Week of Feb. 23

Discipleship: The True Meaning of Spiritual Fitness

Read: Numbers 10-11; Psalm 27; Mark 1

“Now after John was arrested, Jesus came into Galilee, proclaiming the gospel of God, and saying, ‘The time is fulfilled, and the kingdom of God is at hand; repent and believe in the gospel.’”
Mark 1:14, ESV


“Discipleship is the process of becoming who Jesus would be if he were you,” writes Dallas Willard. We may not grasp fully the significance of the former professor and renowned author’s words, but we do sense the invitation to be like the Savior! “Make disciples” was a central mandate that Christ gave to his disciples just prior to his ascension, so we know that it is important. Our discipleship needs to become a central focus in our daily lives. Let's see how this "learner" approach becomes well-ground in our lifestyles.

A Biblical Lens

Many of you, my readers, are new believers, and are eager to find a way to grow in Christ. Others have been Christ-followers for longer periods of time but have developed a hunger to grow as disciples (Matthew 5:6). Mark provides us with a wonderful opportunity to learn how to follow Christ in challenging times.

The book itself has several purposes. One Bible scholar believes that the book was penned in Rome about A.D. 63 or 64 (NAC). It is very likely that authorities had begun to make “hostile gestures” toward Christians even before the Neronian persecution broke out (cf. also A.D. 65-67, after the persecution had begun; EBC). It is also likely that Mark simply chose to compile the individual traditions of the deeds and sayings of Jesus. People had begun to want what James Brooks terms, “an orderly and written account” (NAC). There is another key reason why he wrote and that was to develop his Christology. This critical understanding must be at the forefront of any Christian's attempt to grow in Christ.

What may be the first step to take in discipleship? Ground your Christian life in Jesus Christ! Mark teaches us that Jesus was fully human and fully divine, both the Son of Man and the Son of God. He was the Jewish Messiah and the Lord of the Gentiles. Furthermore, Mark was concerned to emphasize the suffering and death of Jesus as a “ransom” for sinners (NAC; cf. EBC). About 1/3 of the book of Mark is devoted to the subject of Jesus’ death (EBC). Therefore, the way of discipleship for Christians follows the same path—the way of the Cross (cf. Romans 12:1-2). How may this reality be drawn into focus? The Gospel!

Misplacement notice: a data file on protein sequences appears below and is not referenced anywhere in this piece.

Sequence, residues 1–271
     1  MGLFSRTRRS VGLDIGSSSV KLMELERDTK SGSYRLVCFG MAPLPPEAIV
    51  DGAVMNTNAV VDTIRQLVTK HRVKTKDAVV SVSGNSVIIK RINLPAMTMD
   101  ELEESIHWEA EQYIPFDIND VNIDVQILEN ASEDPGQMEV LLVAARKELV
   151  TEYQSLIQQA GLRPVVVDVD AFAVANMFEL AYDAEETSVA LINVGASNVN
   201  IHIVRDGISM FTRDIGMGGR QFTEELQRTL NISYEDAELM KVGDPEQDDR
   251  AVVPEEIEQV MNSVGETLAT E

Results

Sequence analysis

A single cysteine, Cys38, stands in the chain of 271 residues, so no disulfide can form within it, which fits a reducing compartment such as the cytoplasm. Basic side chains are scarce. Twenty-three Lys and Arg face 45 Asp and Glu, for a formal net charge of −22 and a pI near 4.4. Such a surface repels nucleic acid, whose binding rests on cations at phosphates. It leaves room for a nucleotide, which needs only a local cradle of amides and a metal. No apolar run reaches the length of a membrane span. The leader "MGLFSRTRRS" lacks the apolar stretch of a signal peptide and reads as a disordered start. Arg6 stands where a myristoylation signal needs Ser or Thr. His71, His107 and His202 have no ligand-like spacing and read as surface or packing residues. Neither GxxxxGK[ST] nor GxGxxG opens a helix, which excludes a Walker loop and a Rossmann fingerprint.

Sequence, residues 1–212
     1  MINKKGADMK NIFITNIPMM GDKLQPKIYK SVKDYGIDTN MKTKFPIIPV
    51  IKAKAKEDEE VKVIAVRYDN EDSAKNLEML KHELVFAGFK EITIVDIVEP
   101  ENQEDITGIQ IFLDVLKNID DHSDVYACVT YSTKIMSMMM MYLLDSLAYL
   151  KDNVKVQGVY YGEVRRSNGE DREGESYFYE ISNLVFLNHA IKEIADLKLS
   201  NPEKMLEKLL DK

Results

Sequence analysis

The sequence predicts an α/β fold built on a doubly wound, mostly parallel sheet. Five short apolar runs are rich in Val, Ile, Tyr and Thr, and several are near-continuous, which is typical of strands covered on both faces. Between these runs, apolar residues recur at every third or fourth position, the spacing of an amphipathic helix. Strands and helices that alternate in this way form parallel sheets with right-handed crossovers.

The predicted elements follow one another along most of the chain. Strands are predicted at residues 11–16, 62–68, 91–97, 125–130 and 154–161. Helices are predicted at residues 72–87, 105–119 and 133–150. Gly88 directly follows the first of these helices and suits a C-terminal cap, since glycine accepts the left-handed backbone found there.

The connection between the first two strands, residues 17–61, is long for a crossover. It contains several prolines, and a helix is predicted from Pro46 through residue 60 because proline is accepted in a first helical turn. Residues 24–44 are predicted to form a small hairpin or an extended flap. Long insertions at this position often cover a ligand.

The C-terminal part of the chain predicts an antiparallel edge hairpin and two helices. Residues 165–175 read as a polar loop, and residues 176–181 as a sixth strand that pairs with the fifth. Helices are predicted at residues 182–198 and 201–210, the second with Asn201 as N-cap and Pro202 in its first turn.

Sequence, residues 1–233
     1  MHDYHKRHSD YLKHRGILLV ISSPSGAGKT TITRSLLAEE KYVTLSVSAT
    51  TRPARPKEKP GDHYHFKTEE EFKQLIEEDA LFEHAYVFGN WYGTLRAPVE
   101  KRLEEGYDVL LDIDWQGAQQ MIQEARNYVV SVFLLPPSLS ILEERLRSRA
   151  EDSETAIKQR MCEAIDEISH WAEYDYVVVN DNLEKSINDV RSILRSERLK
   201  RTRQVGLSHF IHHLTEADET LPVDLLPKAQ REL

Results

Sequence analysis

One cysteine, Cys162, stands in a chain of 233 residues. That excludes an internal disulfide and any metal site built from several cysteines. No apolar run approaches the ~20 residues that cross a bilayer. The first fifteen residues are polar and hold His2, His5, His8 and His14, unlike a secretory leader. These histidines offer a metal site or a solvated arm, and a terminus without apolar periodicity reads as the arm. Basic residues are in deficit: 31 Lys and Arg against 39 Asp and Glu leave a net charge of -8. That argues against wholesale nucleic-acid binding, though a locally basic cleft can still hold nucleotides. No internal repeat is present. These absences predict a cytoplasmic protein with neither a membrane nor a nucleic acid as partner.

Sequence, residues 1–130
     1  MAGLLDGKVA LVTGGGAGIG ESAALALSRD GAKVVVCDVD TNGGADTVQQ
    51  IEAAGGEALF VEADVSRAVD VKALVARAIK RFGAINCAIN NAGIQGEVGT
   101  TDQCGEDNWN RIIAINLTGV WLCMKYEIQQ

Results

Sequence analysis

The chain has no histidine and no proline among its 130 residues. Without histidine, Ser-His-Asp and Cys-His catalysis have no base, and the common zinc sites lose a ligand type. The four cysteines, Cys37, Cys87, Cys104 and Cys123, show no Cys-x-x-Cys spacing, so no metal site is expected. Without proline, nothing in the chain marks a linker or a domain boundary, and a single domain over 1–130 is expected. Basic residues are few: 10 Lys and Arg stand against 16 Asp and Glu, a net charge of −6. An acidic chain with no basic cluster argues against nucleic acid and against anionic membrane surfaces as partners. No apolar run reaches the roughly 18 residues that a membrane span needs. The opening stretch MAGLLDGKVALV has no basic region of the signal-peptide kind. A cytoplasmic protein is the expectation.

A second step of growth as a disciple includes immersing one’s life in the Gospel. Mark, after a brief prologue (vv. 1-13), embarks on an extended section of the book where Jesus proclaims and demonstrates the nearness of God’s kingdom (1:14-8:21). Jesus’ ministry was to herald and demonstrate the “good news” (1:14). The word used in this key verse was also used in verse 1. “Good News,” “Gospel,” and “kingdom of God” refer to the same thing. God is the source of the Gospel.

The main point for our response is that kingdom disciples commit to God’s “kingly rule,” “reign,” “dominion, and “sovereignty” over the hearts of people (cf. NAC). Our discipleship lifestyle begins at this point, so this decision is critically important. “Discipleship isn’t a program or an event; it’s a way of life. It’s not for a limited time, but for our whole life. Discipleship isn’t for beginners alone; it’s for all believers for every day of their life. . .” (Bill Hull, The Complete Book of Discipleship). Today, we choose to grow and keep growing in Christ.

A Moral Pathway

Americans spent nearly $170 billion on sports apparel in 2018. “Sports apparel are made using breathable material that allows sweat to evaporate faster, helping the person wearing it remain fresh for longer” (Allied Market Research). Americans are certainly not alone in this area. The global wellness market was estimated to be worth $3.4 trillion which is three times greater than the $1 trillion pharmaceutical industry (MarketWatch). Some younger Americans spend more each year on apparel and fitness programs than they did on their education. They prefer high dollar “fitness boutiques” that specialize in a variety of offerings like “barre, kickboxing or high-intensity interval training.” Interestingly, Americans may be dressing for fitness, and exercising more, but the obesity rate continues to climb (Quartz; nearly 33% are obese; CDC). There is a disconnect between attire and lifestyle; or, so it seems.

They are, as well, more than a few unwell disciples. Disciples clothe themselves with the Gospel, then walk daily in Christ. This claim is packed with moral meaning, but it may be misunderstood. Francis Chan has written, ““We reduce discipleship to a canned program, and so many in the church end up sidelined in a spectator mentality . . .” (Francis Chan, Overwhelmed by a Relentless God). The half-truth of discipling is that it is a “class” or a “course.” We spend $15 on a book, watch a video, discuss the content, then go about our lives. Yawn! Disciples are made through life lived with Jesus in all of its experiences and not in “spiritual fitness boutiques.”

For Your Journaling

1. Write down three or four of the life struggles that you are currently facing. Examine your response to these battles to see who has been leading and guiding you through them. Christ? Yourself? Someone else? The Gospel life begins at the point of Leadership (i.e. Lordship).

2. Now examine honestly your current discipleship pattern. Has it been a daily lifestyle or have you treated it like a “spiritual fitness” class? Write down several ways that God is helping you to grow as a disciple through your daily experiences of study and practice.

May all your paths be straight,
Larry C. Ashlock